Partners

Public health departments collaborate with partners in their efforts to accelerate ELR. Important partners are the APHL, CDC, CMS, CSTE, laboratories, the ONC, and vendors.

Laboratories

For reporting to public health agencies, laboratories are moving from paper and fax reporting to electronic reporting. For eligible hospitals, this transition can contribute to successful attestation for ELR Meaningful Use.
Laboratories perform the following tasks:

  • Send laboratory reports for reportable conditions to public health agencies electronically as possible, with a goal to send all reports electronically.
  • Communicate regularly with state, territorial, city, and county public health departments and vendors about technical barriers to ELR adoption.
  • Work with public health departments and vendors to address technical and scheduling roadblocks.

CDC

CDC supports and monitors ELR implementations and progress at the national level, funds ELR via the Epidemiology and Laboratory Capacity for Infectious Diseases (ELC) cooperative agreement, provides technical assistance for ELR, and reports on the status of ELR in publications and presentations.

CDC performs the following tasks:

  • Through quarterly calls and annual and quarterly reporting, monitors the progress of ELR nationally.
  • Facilitates increased efficiency of ELR test-to-production timelines.
  • Provides funding to support ELR adoption.
  • Provides ELR guidance and recommendations to state, territorial, city, and county public health departments.
  • Provides Technical Assistance through a cooperative agreement with the Association of Public Health Laboratories (APHL).
  • Monitors and encourages public health departments’ use of technical assistance to address gaps in ELR.
  • Using quarterly calls, conference presentations, email distributions, data visualizations, and other reports, communicates detailed information about ELR progress and roadblocks to ELR partners.
  • Produces journal articles, press releases, progress and success stories, and other public communications related to ELR.
  • Coordinates ELR with specific CDC program areas.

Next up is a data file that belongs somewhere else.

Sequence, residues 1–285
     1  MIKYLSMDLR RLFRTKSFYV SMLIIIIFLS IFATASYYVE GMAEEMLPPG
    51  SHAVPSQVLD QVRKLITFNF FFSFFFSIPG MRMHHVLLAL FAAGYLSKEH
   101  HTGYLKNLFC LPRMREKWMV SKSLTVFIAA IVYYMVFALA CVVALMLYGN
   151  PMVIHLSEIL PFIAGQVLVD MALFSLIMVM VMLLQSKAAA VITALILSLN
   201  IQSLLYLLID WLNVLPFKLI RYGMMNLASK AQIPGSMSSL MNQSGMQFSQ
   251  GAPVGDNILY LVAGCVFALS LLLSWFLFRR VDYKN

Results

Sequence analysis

Vendors

Vendors are critical partners in ELR. Without enhancements and updates to existing commercial software, and implementation of new software, many labs cannot move forward with ELR.
Vendors perform the following tasks:

  • Schedule and complete software upgrades in a timely manner to support customers’ transmissions of HL7 2.5.1 laboratory reporting messages.
  • Mitigate prolonged timelines for upgrades whenever possible.
  • Provide roadmaps to customers of future enhancements related to ELR.
  • Enhance software and processes to support HL7 2.5.1 message formats for transmitting laboratory reports for notifiable conditions electronically.
  • Prioritize ELR-related development work to implement enhancements that will benefit that largest numbers of customers and have the biggest impact to Meaningful Use certifications first.

Association of Public Health Laboratories (APHL)

Through a CDC cooperative agreement, APHL administers Technical Assistance to state, territory, city, and county public health departments.
APHL performs the following tasks:

APHL website – Electronic Laboratory Reporting pdf icon[PDF – 2 pages]external icon (pdf), Data Exchange and Interoperability Resourcesexternal icon, Data Exchange Initiativesexternal icon.

Council of State and Territorial Epidemiologists (CSTE)

CSTE performs the following tasks:

CSTE website – Surveillance / Informatics: ELDRexternal icon.

Centers for Medicare & Medicaid Services (CMS) and the Office of the National Coordinator for Health Information Technology (ONC)

CMSexternal icon and the ONCexternal icon administer the ELR Meaningful Use (EHR Incentives) federal program. ELR is one of several public health core objectives in Stage 2 of Meaningful Use.

To request an addition or change to this page, contact elr@cdc.gov.